NSOs on the other hand is not restricted to only employees. They are referred to as non-qualified stock options as they do not need to adhere to all requirements of the Internal Revenue Code. Though NSOs incur regular income tax, they are far more flexible to use as they can be granted not only to employees, but strategic advisors and consultants as well. Besides, NSOs are not bound by the holding period restrictions.

Stock appreciation rights (SAR)

SARs are a special group as an equity incentive in startups. Unlike stock options, they are granted in cash. Employees are not required to pay any exercise price for SARs. They are normally granted along with stock options and in turn help in funding the purchase of options and pay for the taxes arising from it. Taxation for SARs is similar to NSOs. This is the best way to grant the profits from an increased stock price without granting actual stock.

Phantom stocks

Also known as ‘synthetic equity’, phantom stocks are usually granted to select high-value employees without granting actual stock. Using this equity incentive plan, a startup grants the value and benefits of stock to the employee without granting rights over their stocks. This works as a strategy to compensate for a high-net-worth employee without diluting company stock. Phantom stocks are not bound by any pre-set requirements or restrictions except those set by the IRS code 409(a).

Offering Equity Incentives

Offering equity incentives is quite a tricky affair. The best-talented resources and top-notch investors cannot be attracted without equity schemes. On the other hand, with every recruitment and funding round, founder shares face dilution. Besides, every equity grant is potentially an invitation to be a shareholder in the company with voting rights. Thus, startups need to be careful in designing equity incentive plans.

To whom you offer equity incentives in a startup

A startup is like a child on a growth spurt. Strategies that work in the first year may not in the fifth. The same goes for the equity incentive plan. It is a given that equity is the strongest currency in the startup arsenal to recruit and incentivize key employees. But two important factors must be considered before granting equity to employees:

  • Role in the business – Like regular salary compensation, the equity component varies with the role of an employee in the company hierarchy. For example, senior technical staff may be granted 1%, while the same profile at the mid-management level may receive 0.35% and an entry-level position receives 0.15%. The same logic applies to advisors and consultants and their extent of engagement in the startup.
  • Timing of recruitment – This is the most important determinant in offering equity incentives in a startup. When VP Marketing joins as the 3rd employee in a startup, he is almost a co-founder and may receive almost 10% equity. Meanwhile, if similar recruitment is made 5 years later when the startup has a product in the market generating sales, the same profile will receive 1- 2% which in monetary value will be of substantial worth.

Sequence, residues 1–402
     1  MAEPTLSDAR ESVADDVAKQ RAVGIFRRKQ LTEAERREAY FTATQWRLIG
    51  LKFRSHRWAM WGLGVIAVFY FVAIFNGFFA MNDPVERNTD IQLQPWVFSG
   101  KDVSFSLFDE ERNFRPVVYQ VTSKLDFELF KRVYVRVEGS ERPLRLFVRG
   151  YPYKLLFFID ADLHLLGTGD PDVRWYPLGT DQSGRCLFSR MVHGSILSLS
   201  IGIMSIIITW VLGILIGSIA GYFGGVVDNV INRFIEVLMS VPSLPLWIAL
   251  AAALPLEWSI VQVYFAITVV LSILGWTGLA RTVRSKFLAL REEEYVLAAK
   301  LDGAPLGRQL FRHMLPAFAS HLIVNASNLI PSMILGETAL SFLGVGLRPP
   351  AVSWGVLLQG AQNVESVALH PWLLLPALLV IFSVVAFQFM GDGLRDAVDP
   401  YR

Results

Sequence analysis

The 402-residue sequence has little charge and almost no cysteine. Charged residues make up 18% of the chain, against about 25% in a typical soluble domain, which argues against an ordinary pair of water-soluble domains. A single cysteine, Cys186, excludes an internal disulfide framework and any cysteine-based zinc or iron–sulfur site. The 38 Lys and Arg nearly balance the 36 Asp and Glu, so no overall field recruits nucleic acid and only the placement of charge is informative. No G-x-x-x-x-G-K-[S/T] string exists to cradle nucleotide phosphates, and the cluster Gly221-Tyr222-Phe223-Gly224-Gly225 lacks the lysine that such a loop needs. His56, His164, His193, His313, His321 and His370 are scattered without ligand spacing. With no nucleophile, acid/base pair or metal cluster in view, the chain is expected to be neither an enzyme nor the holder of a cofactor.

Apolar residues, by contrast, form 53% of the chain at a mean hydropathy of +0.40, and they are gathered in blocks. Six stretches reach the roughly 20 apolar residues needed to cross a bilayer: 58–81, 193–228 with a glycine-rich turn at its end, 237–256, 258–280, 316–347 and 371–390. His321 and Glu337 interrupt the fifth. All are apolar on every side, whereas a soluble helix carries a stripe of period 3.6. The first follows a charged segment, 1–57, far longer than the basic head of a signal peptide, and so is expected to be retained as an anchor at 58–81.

How many shares are subject to an equity incentive plan?

This is need-based. There is no set quota for the option pool. However, it is seen that the percentage varies between 10 – 25%. It is better to start small and expand as per requirement. Besides, at every funding round, investors will request refreshing the option pool. Here are some factors that may help in designing an efficient equity incentive plan:

  • Recruitment plan for the next 8 – 12 months, especially senior roles
  • Current funding levels of the business and prospective funding rounds
  • A clear understanding of the business stage
  • Projected equity value in the next couple of years
  • The extent to which existing shareholders are willing to dilute their shares
  • Status of revenue and profit of the business
  • Equity policy for external consultants, advisors, third-party service providers

Based on all the above considerations, a modern equity incentive plan must account for the following important features:

  • Make provisions for all types of equity grants at the very beginning to avoid seeking repeated shareholder permissions
  • The equity plan administration board must have complete authority to determine the key terms and conditions of every equity award
  • The clarity in terms governing dividend payouts
  • Understanding of the size of option pool, provisions of section 162(m), and the consecutive dilution effect
  • Terms governing minimum vesting requirements and triggers
  • Definition and effect of ‘change-in-control’ situations
  • Tax withholdings
  • Clawback provisions and prohibiting re-pricing
  • Protection of participant rights


Equity incentive in startups is an important component of the business. The nuances of it are intricate and cumbersome for a startup to manually manage in-house. Automated software such as Eqvista is best suited for varied equity management needs.

Our user-friendly interface facilitates all activities related to company valuations, cap tables, share issuance, tracking, and managing company equity. Read more about our software features here. To know more, connect with us today.